The Sermon on the Mount contains three small word pictures that have become part of our every-day language; ‘Turn the other cheek, give them your coat also and go the extra mile.’ Yet I suspect quite a lot of the people using these phrases have no idea that they are the words of Jesus.
And although I rejoice that people who have never opened a Bible in their lives are quoting scripture, the downside is that the meaning may change – and that has certainly happened to Jesus’ examples of how to resist and react to injustice and evil.
I find that these decaffeinated interpretations are a bit of a handicap when trying to explain the pacifist position, as these are important verses for Christian Pacifists.
So, what should we make of these phrases? Here is one key example;
‘Turn the other cheek’
This is usually interpreted as – hit me again, I won’t stop you, – I will be passive, I deserved it anyway, worm that I am, – ‘play it again Sam’. That is much better than straight forward revenge and bloody noses all around, but neither surrender nor a punch-up is what Jesus meant.
He was passive during the time of His Passion – His arrest and trial, so there is a place for passivity, but for the rest of His ministry He was very active and in control of events. However, he was active in a non-violent way which upset many of His contempories.
Let us look a little more closely at that ‘other cheek’ where the clue to a more subtle meaning is that Matthew specifies the right cheek and not just any old cheek.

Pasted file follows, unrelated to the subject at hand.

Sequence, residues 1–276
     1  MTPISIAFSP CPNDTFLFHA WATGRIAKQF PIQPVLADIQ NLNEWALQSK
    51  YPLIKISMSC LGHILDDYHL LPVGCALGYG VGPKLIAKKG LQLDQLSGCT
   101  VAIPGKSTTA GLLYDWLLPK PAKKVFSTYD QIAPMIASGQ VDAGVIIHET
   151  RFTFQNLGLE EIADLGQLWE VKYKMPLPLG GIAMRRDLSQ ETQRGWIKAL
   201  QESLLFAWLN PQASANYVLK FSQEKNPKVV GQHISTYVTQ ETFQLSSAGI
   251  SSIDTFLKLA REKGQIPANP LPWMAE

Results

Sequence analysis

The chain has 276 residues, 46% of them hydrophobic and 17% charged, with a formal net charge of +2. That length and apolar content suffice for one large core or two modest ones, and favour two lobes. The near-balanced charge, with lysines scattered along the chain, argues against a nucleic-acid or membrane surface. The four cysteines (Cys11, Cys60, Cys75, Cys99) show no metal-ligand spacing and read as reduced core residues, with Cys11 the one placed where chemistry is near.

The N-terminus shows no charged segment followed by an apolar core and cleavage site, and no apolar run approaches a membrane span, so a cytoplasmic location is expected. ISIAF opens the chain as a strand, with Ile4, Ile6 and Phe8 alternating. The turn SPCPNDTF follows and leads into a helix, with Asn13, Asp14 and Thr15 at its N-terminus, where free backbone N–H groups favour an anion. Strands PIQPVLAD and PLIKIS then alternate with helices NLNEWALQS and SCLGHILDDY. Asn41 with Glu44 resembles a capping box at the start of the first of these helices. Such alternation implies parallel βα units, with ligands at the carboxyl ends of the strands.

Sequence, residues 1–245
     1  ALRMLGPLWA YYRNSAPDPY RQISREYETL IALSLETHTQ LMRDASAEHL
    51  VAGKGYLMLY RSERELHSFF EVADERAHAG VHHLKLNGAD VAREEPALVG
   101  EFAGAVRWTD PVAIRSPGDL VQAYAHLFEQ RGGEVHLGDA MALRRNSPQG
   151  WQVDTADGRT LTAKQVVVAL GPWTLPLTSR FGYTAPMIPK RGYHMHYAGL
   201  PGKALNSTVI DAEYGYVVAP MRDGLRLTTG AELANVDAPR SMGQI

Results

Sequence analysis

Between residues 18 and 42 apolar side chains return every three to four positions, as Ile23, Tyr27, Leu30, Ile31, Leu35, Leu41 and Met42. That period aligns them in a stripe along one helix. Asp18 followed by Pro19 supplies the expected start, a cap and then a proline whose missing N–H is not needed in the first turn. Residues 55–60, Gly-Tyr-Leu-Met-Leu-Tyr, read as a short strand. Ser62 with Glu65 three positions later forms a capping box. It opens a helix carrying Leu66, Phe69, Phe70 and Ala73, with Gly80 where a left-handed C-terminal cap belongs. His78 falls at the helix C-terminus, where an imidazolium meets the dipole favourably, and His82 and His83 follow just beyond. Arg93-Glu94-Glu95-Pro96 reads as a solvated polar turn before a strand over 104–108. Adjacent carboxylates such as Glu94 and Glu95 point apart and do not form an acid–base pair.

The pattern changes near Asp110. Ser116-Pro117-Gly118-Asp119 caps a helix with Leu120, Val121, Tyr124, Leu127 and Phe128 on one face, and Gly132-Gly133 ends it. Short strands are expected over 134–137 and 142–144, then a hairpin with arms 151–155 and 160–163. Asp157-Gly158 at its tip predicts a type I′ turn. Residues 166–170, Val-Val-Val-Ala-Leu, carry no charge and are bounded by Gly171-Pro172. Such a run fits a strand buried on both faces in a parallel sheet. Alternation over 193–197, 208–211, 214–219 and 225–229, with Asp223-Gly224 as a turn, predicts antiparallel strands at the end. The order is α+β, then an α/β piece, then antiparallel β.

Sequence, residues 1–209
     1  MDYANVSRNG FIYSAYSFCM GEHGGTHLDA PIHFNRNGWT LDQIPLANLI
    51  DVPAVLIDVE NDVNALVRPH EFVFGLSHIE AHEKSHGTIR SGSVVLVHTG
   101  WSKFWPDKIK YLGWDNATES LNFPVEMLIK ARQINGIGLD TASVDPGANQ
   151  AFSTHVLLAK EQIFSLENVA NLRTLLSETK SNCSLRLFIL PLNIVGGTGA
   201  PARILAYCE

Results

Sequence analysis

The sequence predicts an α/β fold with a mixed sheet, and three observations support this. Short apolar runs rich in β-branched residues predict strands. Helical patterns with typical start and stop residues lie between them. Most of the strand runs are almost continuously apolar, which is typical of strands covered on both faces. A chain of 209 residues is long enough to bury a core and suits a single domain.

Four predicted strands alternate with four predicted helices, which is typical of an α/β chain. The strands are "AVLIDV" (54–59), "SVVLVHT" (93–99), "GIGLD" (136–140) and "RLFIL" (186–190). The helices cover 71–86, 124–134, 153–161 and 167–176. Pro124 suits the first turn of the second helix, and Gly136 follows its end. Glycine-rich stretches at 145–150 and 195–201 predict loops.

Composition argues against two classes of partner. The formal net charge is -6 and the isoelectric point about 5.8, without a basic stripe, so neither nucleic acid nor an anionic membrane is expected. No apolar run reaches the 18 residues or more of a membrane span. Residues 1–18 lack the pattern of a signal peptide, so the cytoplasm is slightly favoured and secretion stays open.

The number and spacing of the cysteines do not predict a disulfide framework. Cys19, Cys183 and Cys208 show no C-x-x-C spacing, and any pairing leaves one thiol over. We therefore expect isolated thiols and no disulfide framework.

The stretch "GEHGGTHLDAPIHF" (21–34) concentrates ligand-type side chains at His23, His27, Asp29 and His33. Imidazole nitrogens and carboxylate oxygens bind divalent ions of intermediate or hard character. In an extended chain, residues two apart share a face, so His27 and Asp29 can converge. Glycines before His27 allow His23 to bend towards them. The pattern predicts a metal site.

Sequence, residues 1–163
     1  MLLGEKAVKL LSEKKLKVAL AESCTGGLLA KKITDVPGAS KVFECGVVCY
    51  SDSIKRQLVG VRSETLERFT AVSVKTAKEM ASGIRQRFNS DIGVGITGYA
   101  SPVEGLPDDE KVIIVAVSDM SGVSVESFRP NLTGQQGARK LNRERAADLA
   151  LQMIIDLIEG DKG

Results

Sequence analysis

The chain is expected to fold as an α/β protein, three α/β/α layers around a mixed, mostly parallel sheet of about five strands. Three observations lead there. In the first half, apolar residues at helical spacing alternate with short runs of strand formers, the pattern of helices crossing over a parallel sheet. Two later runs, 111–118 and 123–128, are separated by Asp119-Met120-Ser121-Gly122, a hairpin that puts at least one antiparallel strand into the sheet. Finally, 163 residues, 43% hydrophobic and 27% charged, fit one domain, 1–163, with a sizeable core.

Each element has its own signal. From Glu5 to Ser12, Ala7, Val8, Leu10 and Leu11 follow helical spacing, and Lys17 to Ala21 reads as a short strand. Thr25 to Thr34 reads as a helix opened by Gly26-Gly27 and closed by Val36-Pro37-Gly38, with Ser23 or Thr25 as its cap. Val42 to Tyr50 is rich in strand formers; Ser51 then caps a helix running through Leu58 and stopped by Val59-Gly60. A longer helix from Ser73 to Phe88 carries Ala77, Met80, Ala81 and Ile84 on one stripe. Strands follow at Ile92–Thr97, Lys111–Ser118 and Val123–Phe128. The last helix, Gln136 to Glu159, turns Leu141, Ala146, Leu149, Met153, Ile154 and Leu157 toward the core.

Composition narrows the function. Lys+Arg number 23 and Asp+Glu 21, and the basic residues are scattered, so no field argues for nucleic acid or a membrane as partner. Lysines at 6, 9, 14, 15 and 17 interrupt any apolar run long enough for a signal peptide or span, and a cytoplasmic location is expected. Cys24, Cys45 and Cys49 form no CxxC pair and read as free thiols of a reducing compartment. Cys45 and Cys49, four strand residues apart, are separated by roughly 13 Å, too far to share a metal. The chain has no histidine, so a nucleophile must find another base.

Not just any old Cheek
Try turning to a person close to you and with permission strike (gently) their right cheek with your right hand. Now let the struck victim turn the other cheek to have that struck as well with your right hand.
Now imagine this is an ‘honour society’ and the striker is a farmer and the struck one is a farm labourer who has upset the boss in some way. Or it is the lady of the house cross with her maid, or a check-out girl who has dropped a grocery bag or given the wrong change. We have all seen haughty customers from time to time. One side has the power and the other is vulnerable.
In a right-handed society the right cheek doesn’t get a powerful slap but a humiliating one. That insult slap has survived many centuries.
On the other hand, the striker can give a fair wallop with the palm of the hand to the left cheek, – but that open-handed blow in an honour society is a blow between social equals. It is not insult or humiliation, but anger, aggression or hatred.
The right cheek blow is not damaging to the face but it is damaging to the self confidence of the victim whose lowly status is reinforced. Does the person who has slipped up need to be humiliated as well as punished? And maybe they didn’t do anything wrong at all, their master had a hang-over that morning, or madam was a bit touchy.
So Jesus says, turn the tables, don’t be passive, don’t be wimpish, resist non-violently. In turning the other cheek you are saying that the first hit did not humiliate me – so try again, but this time as equals. Make your master or mistress think about their arrogance and your humanity, for both of you are children of God, both of you are made in God’s image.